Gales wreak havoc as boat is dragged across Langstone Harbour to bridge

Delilah, which has beached itself next to Langstone Bridge
 after Storm Katie
Delilah, which has beached itself next to Langstone Bridge after Storm Katie

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  • Community leader says it is a ‘bit of an embarrassment’ to harbour authority
  • Local councillor says the bad weather cannot be legislated for
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THE strength of Mother Nature was shown when a large working boat was dragged five miles across a harbour and ended up resting against Langstone Bridge.

Delilah, a working maintenance barge for the Langstone Harbour Board, came away from its mooring off Ferry Road, at the south-western tip of Hayling Island.

The gales on Monday blew the heavy steel boat north through the harbour until it came to rest against the bridge.

Yesterday it was beached on mudflats away from the bridge.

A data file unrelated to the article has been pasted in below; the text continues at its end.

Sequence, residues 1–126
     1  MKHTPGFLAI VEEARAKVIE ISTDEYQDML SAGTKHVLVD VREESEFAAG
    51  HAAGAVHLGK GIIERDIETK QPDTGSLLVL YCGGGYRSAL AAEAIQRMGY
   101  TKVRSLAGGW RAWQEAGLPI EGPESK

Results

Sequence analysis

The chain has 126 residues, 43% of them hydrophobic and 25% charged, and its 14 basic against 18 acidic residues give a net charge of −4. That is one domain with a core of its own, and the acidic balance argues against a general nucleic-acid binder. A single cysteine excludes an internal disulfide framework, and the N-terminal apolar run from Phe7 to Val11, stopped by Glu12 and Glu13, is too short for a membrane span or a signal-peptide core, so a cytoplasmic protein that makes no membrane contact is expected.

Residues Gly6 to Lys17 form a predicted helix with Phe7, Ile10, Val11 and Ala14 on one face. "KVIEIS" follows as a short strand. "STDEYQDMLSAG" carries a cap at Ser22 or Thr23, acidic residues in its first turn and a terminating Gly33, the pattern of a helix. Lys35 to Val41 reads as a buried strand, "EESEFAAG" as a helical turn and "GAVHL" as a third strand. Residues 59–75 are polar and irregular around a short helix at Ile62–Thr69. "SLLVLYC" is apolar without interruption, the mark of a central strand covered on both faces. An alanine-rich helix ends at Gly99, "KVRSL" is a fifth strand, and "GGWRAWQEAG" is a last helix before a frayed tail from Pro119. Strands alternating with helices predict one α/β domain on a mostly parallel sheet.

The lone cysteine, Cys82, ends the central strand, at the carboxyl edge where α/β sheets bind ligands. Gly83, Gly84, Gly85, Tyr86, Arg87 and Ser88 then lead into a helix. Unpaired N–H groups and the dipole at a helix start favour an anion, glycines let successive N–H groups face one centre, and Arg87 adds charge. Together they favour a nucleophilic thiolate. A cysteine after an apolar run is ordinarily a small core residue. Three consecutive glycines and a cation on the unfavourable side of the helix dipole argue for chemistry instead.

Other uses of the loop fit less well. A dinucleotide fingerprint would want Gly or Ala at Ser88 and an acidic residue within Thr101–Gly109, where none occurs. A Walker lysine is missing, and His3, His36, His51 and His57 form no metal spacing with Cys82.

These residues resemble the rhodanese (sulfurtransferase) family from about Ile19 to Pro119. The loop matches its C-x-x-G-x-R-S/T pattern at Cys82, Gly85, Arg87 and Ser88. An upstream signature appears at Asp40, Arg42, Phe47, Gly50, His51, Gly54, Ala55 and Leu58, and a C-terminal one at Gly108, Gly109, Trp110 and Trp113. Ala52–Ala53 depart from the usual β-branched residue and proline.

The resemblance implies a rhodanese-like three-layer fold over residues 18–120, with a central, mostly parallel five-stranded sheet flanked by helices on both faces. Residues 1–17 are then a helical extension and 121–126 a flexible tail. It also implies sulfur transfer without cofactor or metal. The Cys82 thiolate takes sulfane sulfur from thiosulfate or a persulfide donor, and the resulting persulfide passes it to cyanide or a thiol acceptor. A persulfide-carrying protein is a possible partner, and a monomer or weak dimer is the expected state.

Frank Pearce, the county councillor for Hayling, who sits on the Langstone Harbour Board, said: ‘We have had our engineer from Hampshire County Council look at the bridge and it’s safe to use.

‘The boat is still there and has quite a large hole in the hull.

‘They can’t tow it back yet.

‘They are having to look at it to see the damage.’

He added: ‘It’s unusual that it travelled so far without beaching.

‘It just seemed to go in a straight line to the bridge.’

The boat has a large crane and lays moorings in the harbour.

Cllr Pearce added: ‘It’s a bit of an embarrassment to the harbour board that this should happen – that it came away.’

A dogwalker, who took the picture of the boat resting against the bridge and did not want to be named, said: ‘It’s a big, heavy steel boat so there must have been some damage to it and I’d imagine the bridge too.

‘It was of course very windy but for a “professional” mooring organisation this really shouldn’t happen.’

The harbourmaster, Captain Nigel Jardine, was not available for comment yesterday.

But Councillor Gerald Shimbart, who represents Havant borough on the harbour board, described the weather as ‘horrendous’.

He said: ‘You can’t really legislate for the sort of weather we had.

‘I don’t know what the mooring situation is like for the Delilah – I don’t know that information.

‘For a boat that size to be blown up the harbour would need a very strong wind blowing. There must have been other boats that were blown off moorings.’